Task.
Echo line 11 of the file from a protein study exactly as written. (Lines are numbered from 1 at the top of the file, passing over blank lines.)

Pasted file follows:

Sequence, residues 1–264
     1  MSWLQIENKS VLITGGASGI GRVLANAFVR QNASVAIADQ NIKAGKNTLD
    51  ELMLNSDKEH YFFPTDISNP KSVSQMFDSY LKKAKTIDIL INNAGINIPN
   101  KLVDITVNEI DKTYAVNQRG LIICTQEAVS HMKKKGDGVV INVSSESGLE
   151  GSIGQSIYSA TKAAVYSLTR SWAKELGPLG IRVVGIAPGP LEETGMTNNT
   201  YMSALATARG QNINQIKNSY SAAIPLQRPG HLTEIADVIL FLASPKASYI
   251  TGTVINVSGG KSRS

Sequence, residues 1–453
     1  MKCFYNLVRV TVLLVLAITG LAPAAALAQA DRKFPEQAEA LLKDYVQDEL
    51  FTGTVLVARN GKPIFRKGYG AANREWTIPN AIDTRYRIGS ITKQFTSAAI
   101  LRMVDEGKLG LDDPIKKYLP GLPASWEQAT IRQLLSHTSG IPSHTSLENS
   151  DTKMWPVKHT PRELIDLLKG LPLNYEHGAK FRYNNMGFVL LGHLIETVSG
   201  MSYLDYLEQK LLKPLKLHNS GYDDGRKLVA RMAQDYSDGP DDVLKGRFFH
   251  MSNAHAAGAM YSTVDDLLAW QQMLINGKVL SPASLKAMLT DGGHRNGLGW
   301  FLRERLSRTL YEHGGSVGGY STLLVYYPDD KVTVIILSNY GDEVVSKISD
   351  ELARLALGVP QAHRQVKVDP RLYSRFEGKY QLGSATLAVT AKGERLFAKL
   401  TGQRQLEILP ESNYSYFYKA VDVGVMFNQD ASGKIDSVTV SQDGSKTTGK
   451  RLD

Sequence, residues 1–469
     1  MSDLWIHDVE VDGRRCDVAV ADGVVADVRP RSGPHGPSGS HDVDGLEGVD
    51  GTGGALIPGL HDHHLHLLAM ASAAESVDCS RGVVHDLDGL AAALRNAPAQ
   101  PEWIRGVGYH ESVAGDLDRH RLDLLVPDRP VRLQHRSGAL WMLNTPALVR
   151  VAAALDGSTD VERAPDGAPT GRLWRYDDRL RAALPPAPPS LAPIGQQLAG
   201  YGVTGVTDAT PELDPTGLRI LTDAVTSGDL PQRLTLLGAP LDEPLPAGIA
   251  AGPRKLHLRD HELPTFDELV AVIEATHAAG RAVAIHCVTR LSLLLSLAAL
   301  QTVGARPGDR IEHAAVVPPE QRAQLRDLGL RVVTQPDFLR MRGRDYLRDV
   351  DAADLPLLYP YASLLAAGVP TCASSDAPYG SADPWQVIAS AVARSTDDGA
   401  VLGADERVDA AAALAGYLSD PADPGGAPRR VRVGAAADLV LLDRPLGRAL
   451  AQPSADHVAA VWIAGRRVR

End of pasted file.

   101  LRMVDEGKLG LDDPIKKYLP GLPASWEQAT IRQLLSHTSG IPSHTSLENS